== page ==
So what does the new administration’s economic and trade policies towards different countries spell for international trade, and would it in any manner impact the recycling sector in particular? “It is still too early to determine what impacts, if any, the new administration’s policies will have on the global trade of recycled commodities. However, regardless the direction that the new administration takes, ISRI remains firmly committed to free and fair trade. We are working closely with recycling trade associations around the world to monitor the rising tide of protectionist tendencies and to emphasise the importance of global trade,” says Robin Wiener, President, Institute of Scrap Recycling Industries (ISRI).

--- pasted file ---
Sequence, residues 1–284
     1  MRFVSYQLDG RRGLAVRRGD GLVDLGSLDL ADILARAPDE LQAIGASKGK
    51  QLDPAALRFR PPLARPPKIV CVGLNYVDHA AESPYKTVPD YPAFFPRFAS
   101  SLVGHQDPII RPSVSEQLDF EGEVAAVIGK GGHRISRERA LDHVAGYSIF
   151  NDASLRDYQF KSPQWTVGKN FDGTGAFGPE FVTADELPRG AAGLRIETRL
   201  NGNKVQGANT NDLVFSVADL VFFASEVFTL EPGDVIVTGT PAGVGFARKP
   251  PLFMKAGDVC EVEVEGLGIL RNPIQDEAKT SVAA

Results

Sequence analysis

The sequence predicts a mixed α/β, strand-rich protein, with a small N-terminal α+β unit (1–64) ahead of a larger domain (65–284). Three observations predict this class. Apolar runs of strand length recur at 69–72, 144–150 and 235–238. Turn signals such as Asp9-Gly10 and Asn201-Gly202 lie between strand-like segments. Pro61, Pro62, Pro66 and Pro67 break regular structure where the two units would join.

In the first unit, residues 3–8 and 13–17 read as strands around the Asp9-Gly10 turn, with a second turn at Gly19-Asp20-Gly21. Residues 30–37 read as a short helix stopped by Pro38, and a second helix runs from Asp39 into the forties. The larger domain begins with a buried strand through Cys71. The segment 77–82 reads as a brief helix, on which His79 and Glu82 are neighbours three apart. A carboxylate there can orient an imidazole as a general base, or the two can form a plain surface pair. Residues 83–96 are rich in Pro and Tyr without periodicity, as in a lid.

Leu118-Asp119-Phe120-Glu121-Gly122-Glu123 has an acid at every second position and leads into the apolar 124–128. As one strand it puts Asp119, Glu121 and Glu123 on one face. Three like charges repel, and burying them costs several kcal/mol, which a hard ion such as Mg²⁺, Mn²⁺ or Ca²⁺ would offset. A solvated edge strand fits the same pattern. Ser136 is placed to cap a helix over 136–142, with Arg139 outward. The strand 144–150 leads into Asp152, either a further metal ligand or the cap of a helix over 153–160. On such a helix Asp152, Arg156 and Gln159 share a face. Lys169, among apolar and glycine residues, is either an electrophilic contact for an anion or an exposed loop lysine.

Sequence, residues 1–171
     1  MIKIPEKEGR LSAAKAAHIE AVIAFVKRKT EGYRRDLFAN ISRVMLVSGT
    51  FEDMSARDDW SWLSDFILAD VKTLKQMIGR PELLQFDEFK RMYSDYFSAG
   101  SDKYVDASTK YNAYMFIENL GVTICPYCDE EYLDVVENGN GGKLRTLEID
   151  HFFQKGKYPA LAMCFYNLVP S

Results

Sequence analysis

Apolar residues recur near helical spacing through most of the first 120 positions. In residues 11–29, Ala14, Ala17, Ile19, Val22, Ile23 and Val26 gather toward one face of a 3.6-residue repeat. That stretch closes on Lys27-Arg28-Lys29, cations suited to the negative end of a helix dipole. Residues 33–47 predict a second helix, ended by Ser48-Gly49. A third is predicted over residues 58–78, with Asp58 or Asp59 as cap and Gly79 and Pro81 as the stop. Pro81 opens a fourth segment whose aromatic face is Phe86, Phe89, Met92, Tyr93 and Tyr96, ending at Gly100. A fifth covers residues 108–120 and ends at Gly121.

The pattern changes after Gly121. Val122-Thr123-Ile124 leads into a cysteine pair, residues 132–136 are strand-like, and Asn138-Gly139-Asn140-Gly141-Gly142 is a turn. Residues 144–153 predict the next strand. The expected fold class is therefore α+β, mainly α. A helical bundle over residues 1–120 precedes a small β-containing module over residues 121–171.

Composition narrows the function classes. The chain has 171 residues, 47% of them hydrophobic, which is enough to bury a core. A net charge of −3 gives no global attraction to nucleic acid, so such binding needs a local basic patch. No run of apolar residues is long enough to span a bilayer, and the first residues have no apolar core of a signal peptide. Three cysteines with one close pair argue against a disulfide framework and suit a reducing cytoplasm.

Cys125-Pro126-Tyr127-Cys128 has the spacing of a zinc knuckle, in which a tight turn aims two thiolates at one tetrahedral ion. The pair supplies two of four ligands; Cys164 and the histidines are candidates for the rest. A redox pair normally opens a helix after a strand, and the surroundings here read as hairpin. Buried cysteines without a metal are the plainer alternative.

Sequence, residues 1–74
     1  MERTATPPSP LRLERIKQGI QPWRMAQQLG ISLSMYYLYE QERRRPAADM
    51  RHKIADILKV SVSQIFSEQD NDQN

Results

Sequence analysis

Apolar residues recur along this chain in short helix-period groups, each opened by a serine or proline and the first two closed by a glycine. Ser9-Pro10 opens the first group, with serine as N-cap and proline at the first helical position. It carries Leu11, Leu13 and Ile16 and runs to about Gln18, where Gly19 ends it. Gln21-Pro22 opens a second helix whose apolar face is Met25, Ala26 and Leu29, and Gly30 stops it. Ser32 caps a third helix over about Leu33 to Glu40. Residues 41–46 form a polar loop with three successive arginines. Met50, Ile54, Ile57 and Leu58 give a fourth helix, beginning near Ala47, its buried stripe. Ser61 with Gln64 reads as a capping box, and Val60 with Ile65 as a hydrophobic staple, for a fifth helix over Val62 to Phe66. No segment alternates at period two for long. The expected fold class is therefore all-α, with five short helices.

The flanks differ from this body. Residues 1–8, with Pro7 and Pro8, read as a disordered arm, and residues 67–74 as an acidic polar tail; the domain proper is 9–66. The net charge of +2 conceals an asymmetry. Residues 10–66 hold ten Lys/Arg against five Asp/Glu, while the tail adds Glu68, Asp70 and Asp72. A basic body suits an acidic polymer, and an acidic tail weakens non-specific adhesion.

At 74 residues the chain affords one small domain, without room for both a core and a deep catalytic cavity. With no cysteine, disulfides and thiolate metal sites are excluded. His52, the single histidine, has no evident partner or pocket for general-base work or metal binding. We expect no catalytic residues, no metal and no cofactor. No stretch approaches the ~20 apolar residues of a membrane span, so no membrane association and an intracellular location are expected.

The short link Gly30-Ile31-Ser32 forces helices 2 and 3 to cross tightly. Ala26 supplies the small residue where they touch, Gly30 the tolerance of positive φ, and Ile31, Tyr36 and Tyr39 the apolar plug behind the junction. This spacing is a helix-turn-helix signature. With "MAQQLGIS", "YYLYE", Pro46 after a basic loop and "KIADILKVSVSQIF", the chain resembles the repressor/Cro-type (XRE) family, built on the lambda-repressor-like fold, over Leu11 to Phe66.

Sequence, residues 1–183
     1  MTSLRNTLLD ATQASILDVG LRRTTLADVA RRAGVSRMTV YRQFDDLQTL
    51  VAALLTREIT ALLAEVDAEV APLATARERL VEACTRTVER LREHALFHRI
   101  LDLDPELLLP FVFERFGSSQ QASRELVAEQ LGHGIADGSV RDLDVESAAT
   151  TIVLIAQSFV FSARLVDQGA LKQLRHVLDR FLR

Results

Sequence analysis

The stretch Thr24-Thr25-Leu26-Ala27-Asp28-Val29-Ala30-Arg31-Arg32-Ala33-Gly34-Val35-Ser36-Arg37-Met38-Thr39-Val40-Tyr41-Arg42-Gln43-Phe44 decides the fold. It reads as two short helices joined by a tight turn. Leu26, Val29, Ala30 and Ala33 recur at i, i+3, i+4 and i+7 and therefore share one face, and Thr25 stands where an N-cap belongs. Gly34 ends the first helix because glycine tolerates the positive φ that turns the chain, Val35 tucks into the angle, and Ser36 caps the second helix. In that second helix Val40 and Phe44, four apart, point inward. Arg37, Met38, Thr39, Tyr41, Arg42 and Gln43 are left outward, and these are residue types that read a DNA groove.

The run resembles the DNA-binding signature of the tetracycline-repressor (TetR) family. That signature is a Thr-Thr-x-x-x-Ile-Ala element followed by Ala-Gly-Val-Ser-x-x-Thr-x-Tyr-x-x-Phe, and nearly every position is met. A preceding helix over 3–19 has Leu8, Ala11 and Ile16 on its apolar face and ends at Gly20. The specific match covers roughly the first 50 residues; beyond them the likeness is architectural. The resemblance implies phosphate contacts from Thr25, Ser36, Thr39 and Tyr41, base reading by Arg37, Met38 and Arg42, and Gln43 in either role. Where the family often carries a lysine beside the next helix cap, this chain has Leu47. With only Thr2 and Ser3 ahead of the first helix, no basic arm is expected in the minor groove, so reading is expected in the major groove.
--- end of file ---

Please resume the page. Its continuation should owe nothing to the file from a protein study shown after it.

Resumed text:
Anshul Gupta, CEO of PGI Group says the new approach of US administration is “very strong” in terms of protectionism. “We foresee new lifeline being thrown to various manufacturers based in USA and in a few years increased utilisation of installed capacities and expansion is evident.” Strong demand for raw materials of steel, aluminium, lead, stainless steel, etc., has been witnessed in the past few months, and “this approach would open a Pandora’s box of negotiation of multiple trade treaties,” says Gupta. “Some of world’s largest exporting economies have already started brainstorming their options and approach to negotiate best deals for their country. Ultimately ‘protectionism’ seems to be flavour of the next decade,” he underscores.